Andrew McAfee recently wrote a post called How to Hit the Enterprise 2.0 Bullseye that looks at how multiple tools like wikis, blogs, and social networks are useful to workers in complementary ways. He defines a bullseye and set of concentric cirles that represent the typical worker’s ties to others as strong, weak, potential, and none, then shows how each tool is most useful at a particular ring in the bullseye. For example:
“Evidence suggests that wikis let strongly-tied collaborators get their work done better, faster, and with more agility than was previous possible. With a wiki, what’s emergent is the document itself, with ‘document’ defined broadly.”
For weak connections, he explains that the benefit of maintaining a social network is keeping updated on connections and being able to see when the potential for a stronger connection emerges. He gives the exmple of a Facebok status update that let him know a contact was accompanying a foreign head of state to a meeting on technology issues.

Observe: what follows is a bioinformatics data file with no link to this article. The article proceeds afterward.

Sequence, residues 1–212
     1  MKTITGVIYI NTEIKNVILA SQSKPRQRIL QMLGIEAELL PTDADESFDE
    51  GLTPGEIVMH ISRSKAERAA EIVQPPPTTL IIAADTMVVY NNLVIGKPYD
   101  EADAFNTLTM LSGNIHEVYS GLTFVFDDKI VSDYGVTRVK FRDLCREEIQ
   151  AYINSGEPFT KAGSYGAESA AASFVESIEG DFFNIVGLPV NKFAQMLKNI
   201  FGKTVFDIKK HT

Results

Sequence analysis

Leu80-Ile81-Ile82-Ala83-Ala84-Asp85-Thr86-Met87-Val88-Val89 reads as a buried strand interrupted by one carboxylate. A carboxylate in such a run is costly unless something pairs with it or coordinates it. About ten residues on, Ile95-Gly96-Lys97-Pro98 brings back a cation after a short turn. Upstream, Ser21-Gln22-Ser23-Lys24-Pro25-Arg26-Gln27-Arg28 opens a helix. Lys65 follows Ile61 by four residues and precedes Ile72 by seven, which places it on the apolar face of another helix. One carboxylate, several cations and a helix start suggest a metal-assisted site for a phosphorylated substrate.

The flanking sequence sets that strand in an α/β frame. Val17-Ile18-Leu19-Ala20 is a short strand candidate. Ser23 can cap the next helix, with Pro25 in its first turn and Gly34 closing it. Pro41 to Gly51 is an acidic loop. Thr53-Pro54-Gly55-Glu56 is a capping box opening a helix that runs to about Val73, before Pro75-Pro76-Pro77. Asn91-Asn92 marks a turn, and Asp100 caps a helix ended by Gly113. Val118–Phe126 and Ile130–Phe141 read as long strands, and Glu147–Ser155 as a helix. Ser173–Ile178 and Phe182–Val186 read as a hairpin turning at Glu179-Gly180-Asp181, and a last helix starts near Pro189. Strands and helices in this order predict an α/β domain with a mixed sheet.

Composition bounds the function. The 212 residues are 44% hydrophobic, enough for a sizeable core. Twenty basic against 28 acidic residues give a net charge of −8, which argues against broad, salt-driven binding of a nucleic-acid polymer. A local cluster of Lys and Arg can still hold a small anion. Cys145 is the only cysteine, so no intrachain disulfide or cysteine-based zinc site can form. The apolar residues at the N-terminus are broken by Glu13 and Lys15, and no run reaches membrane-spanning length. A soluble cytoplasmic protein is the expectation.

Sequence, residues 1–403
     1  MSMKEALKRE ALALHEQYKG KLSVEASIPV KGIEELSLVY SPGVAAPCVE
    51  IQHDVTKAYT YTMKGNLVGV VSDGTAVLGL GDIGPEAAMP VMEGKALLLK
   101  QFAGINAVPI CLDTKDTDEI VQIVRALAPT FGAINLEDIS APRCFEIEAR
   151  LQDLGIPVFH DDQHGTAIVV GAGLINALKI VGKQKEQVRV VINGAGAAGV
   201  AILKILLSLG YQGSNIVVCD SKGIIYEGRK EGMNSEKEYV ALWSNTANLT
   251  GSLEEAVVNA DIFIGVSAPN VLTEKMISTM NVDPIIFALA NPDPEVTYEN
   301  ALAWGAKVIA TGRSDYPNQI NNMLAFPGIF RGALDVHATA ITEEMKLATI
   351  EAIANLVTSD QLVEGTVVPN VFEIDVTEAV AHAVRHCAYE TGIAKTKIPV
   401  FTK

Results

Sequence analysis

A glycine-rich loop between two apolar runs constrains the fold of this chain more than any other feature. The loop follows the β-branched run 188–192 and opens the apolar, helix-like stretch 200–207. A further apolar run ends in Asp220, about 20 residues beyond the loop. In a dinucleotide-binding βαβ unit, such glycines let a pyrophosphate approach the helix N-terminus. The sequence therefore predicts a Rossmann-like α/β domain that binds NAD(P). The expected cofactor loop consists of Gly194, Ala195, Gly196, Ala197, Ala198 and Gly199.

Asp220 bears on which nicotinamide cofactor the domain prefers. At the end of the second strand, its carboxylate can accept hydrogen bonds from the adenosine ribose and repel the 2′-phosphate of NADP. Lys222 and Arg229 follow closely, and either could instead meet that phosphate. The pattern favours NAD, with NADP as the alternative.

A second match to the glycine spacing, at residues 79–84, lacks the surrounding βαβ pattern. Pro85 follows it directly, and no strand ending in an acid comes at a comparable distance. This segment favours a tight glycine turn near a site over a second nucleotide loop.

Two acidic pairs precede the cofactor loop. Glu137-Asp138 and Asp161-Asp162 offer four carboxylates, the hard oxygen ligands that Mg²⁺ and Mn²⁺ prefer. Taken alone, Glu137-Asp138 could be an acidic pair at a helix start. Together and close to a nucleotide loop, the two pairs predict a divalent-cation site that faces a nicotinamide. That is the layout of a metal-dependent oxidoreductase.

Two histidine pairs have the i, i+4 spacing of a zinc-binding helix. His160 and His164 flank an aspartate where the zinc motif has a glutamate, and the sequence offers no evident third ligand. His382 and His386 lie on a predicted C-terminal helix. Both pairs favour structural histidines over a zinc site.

“…as a result of his Facebook update, which took him about ten seconds to type and me one second to read, I now know who to reach out to should I ever want to dive into European IT issues, or desire an invitation to the Elysee Palace . SNS lets its users build bridges to new human networks, and to let non-redundant information emerge.”
For the potential connections — the outer ring in the concentric circle — he suggests blogs:
“And what about all the people in the third ring of the circle in the figure — the potentially valuable colleagues who our knowledge worker just hasn’t met yet? Wikis and SNS in their current configurations don’t help her learn of the existence of such people, but an internal corporate blogosphere could.”
If a critical mass of blogging is cultivated in an organization, it creates an information flow for people to tap into by setting up searches for topics of interest, then monitoring RSS feeds of blogs they find useful.
There are multiple ways to use wikis, blogs, and social networks to be better informed, share your knowledge and expertise, and find others who share your interests. Regardless of how you use them — and it’s to your benefit to investigate them and find the uses that suit you — Andrew has offered an excellent rationale for their value.